Red light cameras

Did Diana Serafin really become a hero for stopping the City of Murrieta for using red light cameras? She says the city’s motive was about revenue, not the safety of our citizens. What was her motive? Her friend got a red light camera ticket and had to pay a large fine and fees. Will the fine and fees be that much lower when a driver gets a red light ticket from an officer who observes the violation and issues a citation? And if one of Serafin’s friends gets a radar ticket, will her next goal be to stop officers from using radar/laser devices to enforce speed laws? What did the red light cameras hurt? 

Did her friend not notice the signs along the roadway, prior to the intersection, stating that photo cameras were posted at the intersection? Luckily, the friend of Serafin only ran the red light and didn’t collide with another vehicle in the intersection who had the right of way. Oh wait, it was the camera’s fault for Serafin’s friend running the red light, not inattention to the roadway and conditions. 

I received a red light camera ticket in Northern California and, after all the fines, fees, traffic school, etc., I paid out almost $700. Was I upset? You bet! But it was no one’s fault but my own for not paying full attention to the driving conditions. 

Thankfully, I did not collide with any vehicles or pedestrians. Hopefully, no one will be seriously injured, or killed in those intersections that had the red light cameras, but we’ll never know if the cameras could have deterred that one person from stopping for the red light. There is no stat to show how many drivers slowed enough when they saw that the intersection was monitored by the red light cameras. Diana Serafin did not do justice for the drivers that drive in the City of Murrieta and neither did those that voted with her.

Steve Staley

Murrieta

One Response to "Red light cameras"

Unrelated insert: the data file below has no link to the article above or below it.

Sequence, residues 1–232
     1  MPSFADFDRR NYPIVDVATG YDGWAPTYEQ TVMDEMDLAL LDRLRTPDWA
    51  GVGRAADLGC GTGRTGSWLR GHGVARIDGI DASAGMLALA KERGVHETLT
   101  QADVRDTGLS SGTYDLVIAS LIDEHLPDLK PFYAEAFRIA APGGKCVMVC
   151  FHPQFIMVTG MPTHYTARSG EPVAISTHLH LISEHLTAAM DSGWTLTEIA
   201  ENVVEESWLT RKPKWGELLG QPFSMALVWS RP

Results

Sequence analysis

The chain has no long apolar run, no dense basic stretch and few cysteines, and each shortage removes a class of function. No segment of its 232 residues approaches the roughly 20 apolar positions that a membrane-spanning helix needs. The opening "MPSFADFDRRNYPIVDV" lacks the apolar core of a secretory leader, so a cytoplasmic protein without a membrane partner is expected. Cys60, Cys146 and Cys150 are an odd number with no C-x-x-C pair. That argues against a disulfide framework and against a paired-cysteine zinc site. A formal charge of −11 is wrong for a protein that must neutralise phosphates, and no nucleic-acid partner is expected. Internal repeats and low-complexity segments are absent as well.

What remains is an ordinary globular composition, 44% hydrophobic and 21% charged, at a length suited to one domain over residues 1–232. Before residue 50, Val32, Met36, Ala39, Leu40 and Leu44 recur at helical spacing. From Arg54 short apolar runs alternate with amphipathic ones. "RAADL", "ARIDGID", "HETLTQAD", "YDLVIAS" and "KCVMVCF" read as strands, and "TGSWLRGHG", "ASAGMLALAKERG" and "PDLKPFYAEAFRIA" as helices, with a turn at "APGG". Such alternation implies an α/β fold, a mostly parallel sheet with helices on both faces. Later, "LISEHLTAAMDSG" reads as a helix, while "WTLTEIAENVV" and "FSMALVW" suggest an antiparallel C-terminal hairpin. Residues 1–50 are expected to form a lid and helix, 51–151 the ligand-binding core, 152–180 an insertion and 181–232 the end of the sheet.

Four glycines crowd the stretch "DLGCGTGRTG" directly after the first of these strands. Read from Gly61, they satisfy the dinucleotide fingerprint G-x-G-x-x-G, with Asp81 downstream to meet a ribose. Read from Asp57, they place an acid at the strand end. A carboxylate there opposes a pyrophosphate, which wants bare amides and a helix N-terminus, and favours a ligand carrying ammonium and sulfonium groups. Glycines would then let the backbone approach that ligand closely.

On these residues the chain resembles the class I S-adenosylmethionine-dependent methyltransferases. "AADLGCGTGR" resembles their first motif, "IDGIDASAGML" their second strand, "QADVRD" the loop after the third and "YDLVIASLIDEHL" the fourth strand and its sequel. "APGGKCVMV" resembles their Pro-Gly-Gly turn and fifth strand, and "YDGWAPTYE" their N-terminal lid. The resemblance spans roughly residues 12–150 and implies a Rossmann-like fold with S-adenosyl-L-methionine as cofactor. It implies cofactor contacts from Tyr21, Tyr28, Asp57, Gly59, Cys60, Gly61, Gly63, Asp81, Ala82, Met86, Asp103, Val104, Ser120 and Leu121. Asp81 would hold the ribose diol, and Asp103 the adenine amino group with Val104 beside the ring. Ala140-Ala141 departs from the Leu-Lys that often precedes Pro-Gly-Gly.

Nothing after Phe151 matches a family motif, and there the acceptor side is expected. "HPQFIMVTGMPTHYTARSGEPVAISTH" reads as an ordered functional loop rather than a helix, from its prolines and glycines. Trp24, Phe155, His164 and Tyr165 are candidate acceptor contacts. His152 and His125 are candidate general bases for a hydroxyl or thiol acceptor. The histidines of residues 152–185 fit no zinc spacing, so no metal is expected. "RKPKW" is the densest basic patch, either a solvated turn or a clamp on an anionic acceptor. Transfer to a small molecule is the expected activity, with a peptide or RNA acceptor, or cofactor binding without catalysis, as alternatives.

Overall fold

1. Brian   December 7, 2012 at 10:19 am

    Are we a city of 5 year olds? No. We aren’t. We are adults. Adults who drive many miles per day for work and recreation. In all those miles, we are fine. We obey the laws of the road. Accidents happen. I’m not sure why your mentality is that we are all guilty all the time of something. That’s no way to live, and I certainly don’t want my local government, or ANY government for that matter, to treat me as presumed guilty before proven innocent. That’s not how our country was founded. The more laws you enforce, the less free we all truly are.

    The fact is, our traffic light system is time-tested and true. We’ve been using traffic lights in our country since the early 1900’s. If you had available the historical data from then until now, one could extrapolate a very small percentage of accidents caused due to running red lights. Anyone who goes completely through a red light would have done so regardless of whether a red light camera were installed or not, so the accident would have happened anyway. So they serve no purpose other than to give us all guilty consciences, and to generate money for the city in an evil way. The City of Temecula doesn’t do that, and they are thriving more than the City of Murrieta, so why is it feel we need to stick it to the citizens of our city? I have never gotten a red light ticket because I pay attention to what I’m doing while I drive. I do not text or hold a phone to my face either. Perhaps education on driver safety is lacking from our driver’s education instructors, or better yet, we as parents are not educating our children and friends on good, safe driving habits? I would say let’s point the finger at ourselves for not teaching better driving habits. Self governance is much better than having a government arbitrarily enforce law after law on us, until we truly have no civil liberties left.

    I am proud to live in a city where the citizens have spoken with an educated mind, and have decided to remove the draconian devices from our roadways. If you want to live like that, I suggest you move to China, or the UK, where cameras record activity all over their cities, just like Orson Welles’ "1984".

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